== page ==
Google Docs phishing scam squashed, but don't let your guard down

Some Google Docs users were hit with a very convincing, very real-looking phishing email today that some, unfortunately, fell for. The email claimed that someone had shared a document with the Google user, who would then click on the link and be taken to a real Google page to select their Gmail account. Choosing the account, though, led to a fishy page that requested access to the user's account, and it only got worse from there.

An alert about the phishing email came from a Redditor who posted a full write up about the email and how it works to the social website. While many phishing emails are easy to spot, this one is quite the opposite, and it's easy to see how someone less familiar with the Internet would fall for the scam. Those who do fall for the phishing email ultimately end up giving the scammers access to their address book and email. The access can be revoked here.

Following the Redditor's publication of the phishing attempt, a Google employee stated that he or she had escalated the issue to the appropriate teams within Google to get the problem fixed. Less than 30 minutes after the scam became public, Google has implemented a solution, which included disabling the scammer's accounts.

"We've removed the fake pages, pushed updates through Safe Browsing, and our abuse team is working to prevent this kind of spoofing from happening. We encourage users to report phishing emails in Gmail," the company went on to say in a statement. That's great, of course, and Google should be commended for squashing the problem so quickly...but don't get complacent.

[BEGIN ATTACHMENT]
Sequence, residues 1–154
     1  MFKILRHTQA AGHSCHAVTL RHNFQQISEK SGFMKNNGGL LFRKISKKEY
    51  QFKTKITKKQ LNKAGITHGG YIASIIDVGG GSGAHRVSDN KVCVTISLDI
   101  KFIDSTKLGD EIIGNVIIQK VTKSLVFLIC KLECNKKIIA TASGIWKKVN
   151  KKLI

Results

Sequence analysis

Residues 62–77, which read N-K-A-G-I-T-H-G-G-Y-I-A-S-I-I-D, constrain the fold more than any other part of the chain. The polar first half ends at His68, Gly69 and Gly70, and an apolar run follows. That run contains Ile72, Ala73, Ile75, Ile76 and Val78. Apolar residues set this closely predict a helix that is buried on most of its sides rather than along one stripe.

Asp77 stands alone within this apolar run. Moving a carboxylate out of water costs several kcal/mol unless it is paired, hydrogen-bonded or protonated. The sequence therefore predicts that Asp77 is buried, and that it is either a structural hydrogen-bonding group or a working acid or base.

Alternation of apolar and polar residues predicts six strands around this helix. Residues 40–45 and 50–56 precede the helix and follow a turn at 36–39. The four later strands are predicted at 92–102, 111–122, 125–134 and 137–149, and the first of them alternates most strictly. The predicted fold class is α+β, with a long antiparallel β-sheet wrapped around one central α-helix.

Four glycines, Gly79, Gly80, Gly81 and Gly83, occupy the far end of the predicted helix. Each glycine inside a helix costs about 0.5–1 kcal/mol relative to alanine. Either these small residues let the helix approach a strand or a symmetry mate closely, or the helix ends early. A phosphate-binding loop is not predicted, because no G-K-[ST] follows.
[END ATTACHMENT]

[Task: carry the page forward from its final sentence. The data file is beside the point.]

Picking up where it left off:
The phishing attempt was obviously a human-created thing, and so ultimately there's nothing for Google to truly 'fix' the problem. While this scammer was taken down, there are thousands more ready to take their place and they'll likely get more clever as time goes on. Phishing emails are an unfortunate reality, and one that can't be easily eliminated. Emails can come from seemingly any company, including banks and medical facilities, and often times a user doesn't realize they were tricked until it is too late. When in doubt, delete the email.